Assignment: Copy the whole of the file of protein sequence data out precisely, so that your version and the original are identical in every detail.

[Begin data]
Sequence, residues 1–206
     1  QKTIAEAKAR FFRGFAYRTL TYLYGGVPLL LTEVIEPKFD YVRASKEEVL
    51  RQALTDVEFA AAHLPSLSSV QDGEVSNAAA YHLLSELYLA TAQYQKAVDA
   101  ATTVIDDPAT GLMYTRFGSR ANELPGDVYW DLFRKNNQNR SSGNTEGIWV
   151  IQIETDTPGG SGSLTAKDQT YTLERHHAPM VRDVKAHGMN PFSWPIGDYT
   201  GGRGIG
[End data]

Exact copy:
Sequence, residues 1–206
     1  QKTIAEAKAR FFRGFAYRTL TYLYGGVPLL LTEVIEPKFD YVRASKEEVL
    51  RQALTDVEFA AAHLPSLSSV QDGEVSNAAA YHLLSELYLA TAQYQKAVDA
   101  ATTVIDDPAT GLMYTRFGSR ANELPGDVYW DLFRKNNQNR SSGNTEGIWV
   151  IQIETDTPGG SGSLTAKDQT YTLERHHAPM VRDVKAHGMN PFSWPIGDYT
   201  GGRGIG